In a much louder voice than before Jack said, “please forgive me. I know I don’t deserve it but please try to find it in your hearts to forgive.” Then in a softer voice he added, “god knows I’ve been awful, terrible, all my life, all the lies and the deceptions and the cheating. Oh god, I’m sorry.” Then he began to sob.
Once again Jerome patted him.
“Get away from that crazy white man,” a woman yelled at Jerome. She was his next door neighbor. They called her Aunt Nisha although she wasn't really their aunt. She had passed through the playground on the way to the market and had stopped to see what the fuss was about. Aunt Nisha had babysat Jerome many times and along with his mother and grandmother was one of three people who played a part in his upbringing.
At the sound of Aunt Nisha’s voice Jerome ran to her, but not before a final pat on Jack’s back. He looked back as he ran and said “bye.” Aunt Nisha scolded Jerome and asked what he was doing talking to and touching “that fool white man.”
Jack’s knees were beginning to hurt so he stood up. Slowly. Two dozen people were watching him as if Jack was about to do something wonderful or horrible. Jack stood and stretched. Tears were streaming down his eyes. Jack wasn’t sure how he’d gotten here. He just knew that he wanted to repent, to change his ways. After so many years of being and doing so much wrong and hurting so many people he wanted a second chance. Jack started to walk to his car which he somehow knew was across the street. The crowd parted for him and watched him in wonder.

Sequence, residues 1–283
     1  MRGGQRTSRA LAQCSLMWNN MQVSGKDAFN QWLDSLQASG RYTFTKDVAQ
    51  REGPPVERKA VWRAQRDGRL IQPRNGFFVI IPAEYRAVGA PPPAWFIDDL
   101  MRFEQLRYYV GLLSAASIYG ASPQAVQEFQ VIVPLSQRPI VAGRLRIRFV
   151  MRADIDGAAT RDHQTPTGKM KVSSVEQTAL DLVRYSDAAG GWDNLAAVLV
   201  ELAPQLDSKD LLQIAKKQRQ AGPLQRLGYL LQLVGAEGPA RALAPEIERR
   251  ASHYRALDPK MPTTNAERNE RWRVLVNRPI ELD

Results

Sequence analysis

Jack found his beat up old Toyota, though still having no clue how he had gotten to this part of town. His keys were still in the ignition and Jack thought it a wonder that the car hadn’t been stolen. Looking back toward the playground he noticed that the crowd that had watched him had dispersed and gone on about their day. Jack yelled out the window: “I’m sorry everyone. I truly am. For everything and for anything else and for…” There Jack stopped and blew his nose into a dirty hanky that was in the passenger seat. “I’m such an awful jerk, even to myself, using a filthy rag like this to blow my nose.”